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A Christmas Caucus?

This column was written by John Nichols.

Get ready for the Holiday caucuses.

The official starting date for the presidential nominating processes of the Republican and Democratic parties is about to take a great leap forward — to an earlier point in January of 2008, and perhaps even to December of 2007.

Here's what is happening, and why is matters:

Florida has officially advanced its primary date to January 29 — a date that had been reserved by both parties for voting in South Carolina.

Because South Carolina does not want to have to compete with Florida — a state with a higher profile, more delegates on offer and a bigger role in the November competition — a chain reaction is about to begin.

The South Carolina Republican Party will announce today its decision to advance the state's primary to January 19. That means that the New Hampshire primary will be moved to an earlier date, probably January 12. Iowa will then set a caucus date that is at least a week earlier than the New Hampshire vote.

There is a good deal of speculation that Iowa officials, who are determined to defend the influence of their first-in-the-nation vote, could set a date in December. That would mean that the process of selecting delegates to the Democratic and Republican national conventions of 2008 could begin before Christmas 2007.

At the latest, the process will now begin days after New Year's celebrations.

The advance in the schedule is a sobering development for anyone who hopes to see the process produce unexpected results — and for anyone who dreams that grassroots activists might still have a significant impact on the selection of the nominees.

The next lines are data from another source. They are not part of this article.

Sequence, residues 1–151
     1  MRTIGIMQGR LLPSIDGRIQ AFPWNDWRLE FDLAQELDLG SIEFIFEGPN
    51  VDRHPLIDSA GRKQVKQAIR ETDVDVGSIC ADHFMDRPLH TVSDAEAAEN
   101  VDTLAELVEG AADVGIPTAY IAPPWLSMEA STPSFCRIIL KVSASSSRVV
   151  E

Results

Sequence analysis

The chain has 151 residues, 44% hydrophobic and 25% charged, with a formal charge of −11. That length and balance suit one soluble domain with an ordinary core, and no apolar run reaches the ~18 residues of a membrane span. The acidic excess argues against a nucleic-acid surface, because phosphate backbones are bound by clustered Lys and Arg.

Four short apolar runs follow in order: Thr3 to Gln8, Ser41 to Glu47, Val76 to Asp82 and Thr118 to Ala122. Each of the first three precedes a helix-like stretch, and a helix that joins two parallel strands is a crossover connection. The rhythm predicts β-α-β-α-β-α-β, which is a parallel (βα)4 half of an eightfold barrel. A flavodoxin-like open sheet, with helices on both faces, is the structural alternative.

Moving the caucuses and primaries to dramatically earlier dates — a step the parties tried to resist but now seem to be grudgingly accepting — is most likely to benefit frontrunners such as Democrats Hillary Clinton and Barack Obama and Republicans Mitt Romney and Rudy Giuliani, who have money and organizations in place in the key states.

This churn will be of particular concern to the campaign of John Edwards, who even now is struggling to maintain his lead position in Iowa. Edwards does not have much margin for error left. And if a shift in schedule causes an Edwards stumble — or makes it easier for Clinton or Obama to concentrate time and resources on knocking him out earlier — that squeezes even more dynamism out of a process that is already suffering from a deficit of that precious political commodity.

The schedule shift will also reduce the opening for a late-starting campaign by former Vice President Al Gore or Wisconsin Senator Russ Feingold.

The bottom line is an unsettling one: Speeding up the process speeds up the prospect that status-quo contenders will secure the nominations of both major parties at a time when — after eight years of Bush-Cheneyism — the country needs a radical shift in direction.
By John Nichols
Reprinted with permission from The Nation

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